the friend online
02 October 2009

Quaker thought in poetry

Gerard Benson epxlains how Quaker beliefs challenge him in his work

Iím a Quaker and Iím a poet. Both of these aspects of who I am are full-time. Theyíre not always compatible. There are things I write that I wouldnít submit to a Quaker publication. There are facets of my Quakerism that donít go into my poetry. Like you, Iím complicated. But as a Quaker must, I seek for unity, even within myself. I hope one day to integrate the poet and the Quaker.

As a Quaker I learn from silence. At a gathered Quaker Meeting I am given glimpses of the numinous that rise from the silence. I am also given (silent) calls to action. I find myself asked to spend my life outside the Meeting, not in silent contemplation but action; action where I feel the Quaker values I try and live by (truth, simplicity, peace and equality) need attention.

As a poet I learn from language. I love words and the way they behave, the sounds they make, their rhythms, their histories, their meanings, the ambiguities they offer. I love figurative speech. I could go on but Iím pressed for space. I love using patterns of words to express the truths of my heart and mind. Which returns me to my Quaker identity.

I can be indignant about injustice, about inequality, about massive sums spent on idiocies such as Trident. But I rarely write poetry about these things.

Iíve worked as a poet with psychiatric patients. That sometimes brought the Quaker and the poet face to face.

I write for children as well as adults. Much of the poetry I write for the young is imbued with my Quakerism. But I donít lecture, harass or bully. I offer pictures of events or states of being and trust readers to interpret as they will. Is A Small Star sci-fi or an ecological suggestion?

Gerard Benson was a founder of Poems on the Underground.


A Small Star
I live on a small star
Which itís my job to look after;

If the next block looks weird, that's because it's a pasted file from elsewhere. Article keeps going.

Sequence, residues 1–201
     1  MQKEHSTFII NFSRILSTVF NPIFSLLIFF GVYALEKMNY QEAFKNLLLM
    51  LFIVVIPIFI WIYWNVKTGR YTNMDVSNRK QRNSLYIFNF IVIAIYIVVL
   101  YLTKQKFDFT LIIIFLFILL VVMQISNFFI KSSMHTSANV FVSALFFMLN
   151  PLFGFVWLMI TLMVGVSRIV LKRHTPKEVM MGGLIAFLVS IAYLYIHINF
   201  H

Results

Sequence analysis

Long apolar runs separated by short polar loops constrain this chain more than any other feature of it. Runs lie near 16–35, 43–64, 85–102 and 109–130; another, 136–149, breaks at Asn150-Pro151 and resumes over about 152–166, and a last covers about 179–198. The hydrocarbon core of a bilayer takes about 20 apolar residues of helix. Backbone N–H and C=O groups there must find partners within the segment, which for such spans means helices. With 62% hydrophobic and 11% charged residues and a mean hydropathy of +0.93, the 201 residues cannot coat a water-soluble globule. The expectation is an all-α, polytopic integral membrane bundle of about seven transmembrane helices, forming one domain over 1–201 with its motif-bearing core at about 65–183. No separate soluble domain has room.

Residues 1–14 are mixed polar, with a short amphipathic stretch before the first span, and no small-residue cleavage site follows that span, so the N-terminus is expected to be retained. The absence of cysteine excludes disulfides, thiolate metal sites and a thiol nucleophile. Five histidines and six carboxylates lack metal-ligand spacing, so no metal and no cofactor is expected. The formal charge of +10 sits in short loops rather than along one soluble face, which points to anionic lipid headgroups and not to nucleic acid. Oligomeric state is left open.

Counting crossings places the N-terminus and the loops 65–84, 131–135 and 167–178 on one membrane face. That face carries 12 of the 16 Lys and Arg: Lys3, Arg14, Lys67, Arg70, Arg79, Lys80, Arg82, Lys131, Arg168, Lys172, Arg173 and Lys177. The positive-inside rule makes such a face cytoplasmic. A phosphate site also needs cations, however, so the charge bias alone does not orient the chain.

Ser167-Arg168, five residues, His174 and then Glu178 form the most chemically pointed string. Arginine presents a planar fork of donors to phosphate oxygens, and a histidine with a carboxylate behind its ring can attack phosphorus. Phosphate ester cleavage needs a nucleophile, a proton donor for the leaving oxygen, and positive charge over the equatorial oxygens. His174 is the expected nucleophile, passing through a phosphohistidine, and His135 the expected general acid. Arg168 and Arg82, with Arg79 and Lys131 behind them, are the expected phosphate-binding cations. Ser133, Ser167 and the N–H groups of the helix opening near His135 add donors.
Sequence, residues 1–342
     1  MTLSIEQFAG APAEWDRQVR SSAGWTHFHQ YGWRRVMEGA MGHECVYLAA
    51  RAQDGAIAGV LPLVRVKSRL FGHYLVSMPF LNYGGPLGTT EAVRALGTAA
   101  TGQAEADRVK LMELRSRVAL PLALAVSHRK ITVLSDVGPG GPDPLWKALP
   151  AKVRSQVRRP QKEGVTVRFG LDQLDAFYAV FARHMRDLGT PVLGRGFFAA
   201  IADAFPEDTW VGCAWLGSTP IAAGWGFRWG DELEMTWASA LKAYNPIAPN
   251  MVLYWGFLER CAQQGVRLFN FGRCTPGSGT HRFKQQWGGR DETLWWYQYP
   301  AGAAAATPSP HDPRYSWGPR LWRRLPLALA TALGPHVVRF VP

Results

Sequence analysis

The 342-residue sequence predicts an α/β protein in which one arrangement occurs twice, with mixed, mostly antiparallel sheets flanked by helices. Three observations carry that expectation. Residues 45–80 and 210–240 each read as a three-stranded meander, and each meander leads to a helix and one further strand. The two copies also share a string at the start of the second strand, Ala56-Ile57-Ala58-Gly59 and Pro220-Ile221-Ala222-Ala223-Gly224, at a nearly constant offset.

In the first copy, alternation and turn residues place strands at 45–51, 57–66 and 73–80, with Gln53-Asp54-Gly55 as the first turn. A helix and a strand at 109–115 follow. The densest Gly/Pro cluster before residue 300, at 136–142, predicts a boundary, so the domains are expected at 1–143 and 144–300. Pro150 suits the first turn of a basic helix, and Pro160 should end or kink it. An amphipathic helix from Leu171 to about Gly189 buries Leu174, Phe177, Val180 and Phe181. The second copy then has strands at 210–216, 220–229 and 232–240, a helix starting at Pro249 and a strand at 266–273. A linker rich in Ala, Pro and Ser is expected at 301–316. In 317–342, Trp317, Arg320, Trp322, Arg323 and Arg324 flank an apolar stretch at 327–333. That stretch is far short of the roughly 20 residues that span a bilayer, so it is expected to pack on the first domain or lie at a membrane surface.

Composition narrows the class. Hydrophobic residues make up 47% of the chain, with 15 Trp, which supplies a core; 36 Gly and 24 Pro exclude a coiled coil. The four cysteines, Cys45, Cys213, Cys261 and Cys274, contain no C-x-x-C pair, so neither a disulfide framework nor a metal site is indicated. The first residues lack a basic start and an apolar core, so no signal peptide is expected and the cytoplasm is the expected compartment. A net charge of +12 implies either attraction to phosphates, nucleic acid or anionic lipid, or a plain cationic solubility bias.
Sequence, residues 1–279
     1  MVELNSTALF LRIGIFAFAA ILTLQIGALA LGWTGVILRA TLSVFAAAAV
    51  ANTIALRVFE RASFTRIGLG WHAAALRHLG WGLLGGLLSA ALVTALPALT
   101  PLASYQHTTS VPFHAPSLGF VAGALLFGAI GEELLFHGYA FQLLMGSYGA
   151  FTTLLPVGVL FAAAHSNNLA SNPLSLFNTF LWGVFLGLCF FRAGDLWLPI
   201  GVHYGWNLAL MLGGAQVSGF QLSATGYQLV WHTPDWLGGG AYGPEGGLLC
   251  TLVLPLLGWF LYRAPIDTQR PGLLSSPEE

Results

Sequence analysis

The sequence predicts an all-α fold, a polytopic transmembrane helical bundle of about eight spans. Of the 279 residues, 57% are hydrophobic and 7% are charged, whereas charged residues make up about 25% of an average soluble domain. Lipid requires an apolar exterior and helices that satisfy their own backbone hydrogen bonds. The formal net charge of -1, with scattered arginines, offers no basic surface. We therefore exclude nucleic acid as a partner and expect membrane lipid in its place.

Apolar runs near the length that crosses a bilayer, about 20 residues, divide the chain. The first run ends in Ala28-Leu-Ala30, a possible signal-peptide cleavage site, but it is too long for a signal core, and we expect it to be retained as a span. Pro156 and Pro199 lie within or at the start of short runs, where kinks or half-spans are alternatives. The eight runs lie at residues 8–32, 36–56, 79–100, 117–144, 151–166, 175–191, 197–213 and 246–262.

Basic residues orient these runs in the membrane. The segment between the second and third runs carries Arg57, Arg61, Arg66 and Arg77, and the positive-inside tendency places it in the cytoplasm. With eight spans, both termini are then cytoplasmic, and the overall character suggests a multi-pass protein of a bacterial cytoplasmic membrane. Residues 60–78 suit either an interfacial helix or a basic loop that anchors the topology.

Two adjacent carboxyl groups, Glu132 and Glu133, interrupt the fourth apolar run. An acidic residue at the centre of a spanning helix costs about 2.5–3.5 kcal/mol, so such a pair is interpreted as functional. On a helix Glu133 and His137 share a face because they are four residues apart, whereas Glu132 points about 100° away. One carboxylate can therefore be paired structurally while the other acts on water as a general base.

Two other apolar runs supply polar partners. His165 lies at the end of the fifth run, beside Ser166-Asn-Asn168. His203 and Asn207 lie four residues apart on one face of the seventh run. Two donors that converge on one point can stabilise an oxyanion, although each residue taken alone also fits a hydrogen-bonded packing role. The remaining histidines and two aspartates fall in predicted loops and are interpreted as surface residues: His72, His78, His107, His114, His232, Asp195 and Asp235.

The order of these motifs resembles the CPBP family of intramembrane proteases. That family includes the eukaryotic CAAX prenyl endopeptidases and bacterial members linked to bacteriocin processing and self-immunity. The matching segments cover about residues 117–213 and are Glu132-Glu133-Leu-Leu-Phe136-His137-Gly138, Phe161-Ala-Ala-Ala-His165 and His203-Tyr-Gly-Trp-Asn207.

It whirls through space
Wrapped in a cloak of water.

It is a wonderful star:
Wherever you look thereís life,
Though itís held at either end
In a white fist of ice.

There are creatures that move
Through air, sea and earth,
And growing things everywhere
Make beauty from dirt.

Everything is alive!
Even the stones:
Dazzling crystals grow
Deep under the ground.

And all the things belong,
Each one to the other.
I live on a precious star
Which itís my job to look after.

Gerard Benson


 


This week's .pdf
In this week's online edition... rss edition
cover

A testimony to Love
Judy Kirby, Editor
Circles of silence
Gerard Benson
A view of Quakers
David Wood
Testimony to peace
Helen Steven
Middle East witness
Ann Wright
Peace for all
Stephen Hanvey
Living the testimonies
Helen Drewery
Meetings
Harvey Gillman
Testimony to Equality
Jonathan Dale
Committed relationships
Phil Lucas
Quaker thought in literature
Marina Lewycka
Quaker thought in poetry
Gerard Benson
Silence
Ros Smith
Equality
Marian Liebmann
Equality and social justice
Belinda Hopkins
Testimony to Simplicity
Jan Arriens and Marion McNaughton
Simplicity
Laurie Michaelis
Testimony to Truth
Linda Pegler
Integrity in public life
Tony Stoller
q-eye
eye@thefriend.org

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